For instance, it might be convenient to have a large, shiny screen on your refrigerator that indicates which items you’re running low on, but you sure don’t want an ad popping up asking you to buy whisky or vodka when your evangelist mother-in-law is over for a visit. It will be essential to maintain user control over which alerts are appropriate and helpful.
Keep in mind that devices won’t always be connected to the Internet, so your IoT device must be able to handle and operate through network outages.
Designing an IoT User Experience
In most cases, these connected devices are not developed on platforms that have existing UX standards, such as Android, Windows or iOS, so the UX typically needs to be designed from scratch. Designing an IoT user experience can be best achieved by looking across existing platforms and considering the web, then replicating the most commonly used and perceivable UX patterns.
One company that has done a great job with their UX is AdhereTech. They make smart pill bottles, which have visual and audible alerts to remind patients when to take their medications. They also follow up with notifications to patients, caretakers, and healthcare providers when this does not occur. The battery lasts as long as the prescription, so there is no need for the patient to recharge it. When the prescription runs out, the bottle can be returned to the pharmacy for re-use or recycling.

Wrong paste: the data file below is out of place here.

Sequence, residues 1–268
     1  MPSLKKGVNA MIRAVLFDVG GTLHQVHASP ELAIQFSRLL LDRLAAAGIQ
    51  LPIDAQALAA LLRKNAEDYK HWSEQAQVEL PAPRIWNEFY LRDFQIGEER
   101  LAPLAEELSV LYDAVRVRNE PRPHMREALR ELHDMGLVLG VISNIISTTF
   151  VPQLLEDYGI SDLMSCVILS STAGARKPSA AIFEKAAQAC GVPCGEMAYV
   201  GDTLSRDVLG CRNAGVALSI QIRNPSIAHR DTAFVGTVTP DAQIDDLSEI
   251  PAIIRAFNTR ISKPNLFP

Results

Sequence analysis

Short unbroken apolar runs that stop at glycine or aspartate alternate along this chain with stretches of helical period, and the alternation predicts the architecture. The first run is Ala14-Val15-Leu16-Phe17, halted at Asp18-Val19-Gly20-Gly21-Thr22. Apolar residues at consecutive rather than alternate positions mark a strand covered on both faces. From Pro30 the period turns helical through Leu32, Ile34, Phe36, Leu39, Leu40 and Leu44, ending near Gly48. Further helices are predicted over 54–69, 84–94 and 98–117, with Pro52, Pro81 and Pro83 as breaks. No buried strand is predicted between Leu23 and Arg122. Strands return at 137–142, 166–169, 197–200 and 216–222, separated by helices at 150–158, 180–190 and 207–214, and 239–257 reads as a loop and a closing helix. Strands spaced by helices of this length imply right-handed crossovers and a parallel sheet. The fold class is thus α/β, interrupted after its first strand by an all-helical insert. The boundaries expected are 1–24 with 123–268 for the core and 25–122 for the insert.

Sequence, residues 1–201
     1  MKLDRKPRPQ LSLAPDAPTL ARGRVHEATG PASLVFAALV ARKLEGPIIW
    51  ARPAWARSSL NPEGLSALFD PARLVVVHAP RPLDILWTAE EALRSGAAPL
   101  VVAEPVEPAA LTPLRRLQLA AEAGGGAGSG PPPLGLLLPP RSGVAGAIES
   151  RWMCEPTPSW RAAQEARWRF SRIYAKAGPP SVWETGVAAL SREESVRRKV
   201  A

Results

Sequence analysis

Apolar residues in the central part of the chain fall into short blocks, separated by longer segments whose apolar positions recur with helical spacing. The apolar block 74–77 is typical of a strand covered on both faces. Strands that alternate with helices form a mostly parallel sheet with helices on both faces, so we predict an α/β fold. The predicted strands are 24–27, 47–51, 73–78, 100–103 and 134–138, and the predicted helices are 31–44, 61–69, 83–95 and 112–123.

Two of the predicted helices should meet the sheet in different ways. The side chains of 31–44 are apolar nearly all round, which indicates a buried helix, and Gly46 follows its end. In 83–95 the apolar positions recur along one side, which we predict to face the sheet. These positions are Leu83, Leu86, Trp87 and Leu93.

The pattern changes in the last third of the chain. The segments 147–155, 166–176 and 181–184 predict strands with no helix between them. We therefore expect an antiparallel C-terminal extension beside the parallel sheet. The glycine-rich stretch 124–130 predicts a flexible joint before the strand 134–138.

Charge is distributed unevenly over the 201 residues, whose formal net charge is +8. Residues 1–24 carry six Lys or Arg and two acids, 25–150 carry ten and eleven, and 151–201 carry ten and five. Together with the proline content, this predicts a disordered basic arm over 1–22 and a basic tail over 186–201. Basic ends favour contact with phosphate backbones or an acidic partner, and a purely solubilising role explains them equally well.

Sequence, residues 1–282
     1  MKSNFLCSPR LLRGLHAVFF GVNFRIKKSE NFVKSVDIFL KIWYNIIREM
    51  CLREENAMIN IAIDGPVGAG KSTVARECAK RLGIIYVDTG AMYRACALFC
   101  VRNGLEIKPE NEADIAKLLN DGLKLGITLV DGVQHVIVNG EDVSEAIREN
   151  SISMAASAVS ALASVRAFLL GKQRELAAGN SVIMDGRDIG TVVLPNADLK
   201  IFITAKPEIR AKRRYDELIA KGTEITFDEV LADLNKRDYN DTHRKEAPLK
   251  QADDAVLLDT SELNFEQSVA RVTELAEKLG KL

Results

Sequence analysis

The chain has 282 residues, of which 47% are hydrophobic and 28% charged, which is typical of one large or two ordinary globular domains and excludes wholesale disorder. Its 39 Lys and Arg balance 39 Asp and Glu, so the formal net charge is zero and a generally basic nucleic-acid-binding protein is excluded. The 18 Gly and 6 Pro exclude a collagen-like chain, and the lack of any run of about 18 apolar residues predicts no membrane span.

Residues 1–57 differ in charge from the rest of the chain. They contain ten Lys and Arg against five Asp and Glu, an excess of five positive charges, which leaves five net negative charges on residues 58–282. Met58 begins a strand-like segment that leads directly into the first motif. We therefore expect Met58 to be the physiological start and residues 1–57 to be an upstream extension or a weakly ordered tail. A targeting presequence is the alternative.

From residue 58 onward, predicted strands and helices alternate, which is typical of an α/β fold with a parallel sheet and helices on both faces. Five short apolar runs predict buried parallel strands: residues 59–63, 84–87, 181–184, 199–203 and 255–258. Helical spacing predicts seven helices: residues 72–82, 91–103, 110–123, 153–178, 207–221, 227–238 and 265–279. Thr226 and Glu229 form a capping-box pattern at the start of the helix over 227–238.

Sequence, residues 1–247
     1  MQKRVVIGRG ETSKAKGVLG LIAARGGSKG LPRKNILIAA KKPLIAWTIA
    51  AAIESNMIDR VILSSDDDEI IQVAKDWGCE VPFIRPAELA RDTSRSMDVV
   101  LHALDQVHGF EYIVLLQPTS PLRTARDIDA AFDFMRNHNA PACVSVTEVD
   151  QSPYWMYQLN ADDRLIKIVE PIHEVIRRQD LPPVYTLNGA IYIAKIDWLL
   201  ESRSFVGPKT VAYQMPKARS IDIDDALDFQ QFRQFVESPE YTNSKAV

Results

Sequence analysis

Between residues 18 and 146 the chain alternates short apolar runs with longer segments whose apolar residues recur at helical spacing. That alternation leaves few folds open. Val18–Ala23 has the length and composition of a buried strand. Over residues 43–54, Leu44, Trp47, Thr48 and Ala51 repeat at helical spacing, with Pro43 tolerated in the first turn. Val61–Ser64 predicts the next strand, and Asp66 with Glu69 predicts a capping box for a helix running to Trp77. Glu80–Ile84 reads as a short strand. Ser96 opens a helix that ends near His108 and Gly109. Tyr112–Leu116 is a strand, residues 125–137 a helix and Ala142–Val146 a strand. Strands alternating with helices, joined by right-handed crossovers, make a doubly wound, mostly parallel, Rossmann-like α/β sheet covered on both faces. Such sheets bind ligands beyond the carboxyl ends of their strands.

Another example of excellent user interface and experience design is an entirely voice driven software called Entervise. It is built as a remote collaboration solution for field technicians via a tough, head-worn computer with an under eye display. It enables technicians to connect to experts via the internet, have conversations, share videos and more –all hands free so they can continue to work on their task at hand.
People are always interested in innovative ideas and new ways to make their lives easier. Let’s think about the experience of unlocking a door.
What are some creative ways to improve this simple daily task? Some may suggest to put a PIN pad on the door; another would be to make the doors and handles aesthetically beautiful; include interesting graphic designs; single sign on login screens. My answer from a user experience perspective is that these options lack empathy; you want the door to recognize instantly as you walk up without having to search for keys or type in digits.
The Future of UX Experience for IoT
IoT is a bleeding edge for innovation as its range is diverse – spanning agriculture, food processing, transport, utility, and security, in the business world and for consumers. An appealing UX makes it not only more user friendly but also gives the product improved chances of reaching a larger audience. UX design has many faces in IoT as it places problem solving between the business model and the user. Designing for IoT is inherently more complex than just software design – hardware adds new considerations and is less easily modified. UX designers are going to require innovation, creativity, and a keen understanding of human behavior to bring outstanding IoT products to life.
Want to learn more? Indusa helps you create an exceptional user experience to power your business.
- Designing for User Experience in MarTech
- How IoT Will Impact the Manufacturing Industry in 2017
- Fueling the IoT Trend in the Workplace
About the Author – Manan Thakkar
Manan Thakkar is a Solution Architect who spearheads&Indusa’s strategic initiatives to maximize customer benefits. His expertise is in enterprise consulting and solution design globally and he plays a key role in institutionalizing mobility to position Indusa’s services in leading enterprises.
Contributing Writer: Neha Kumar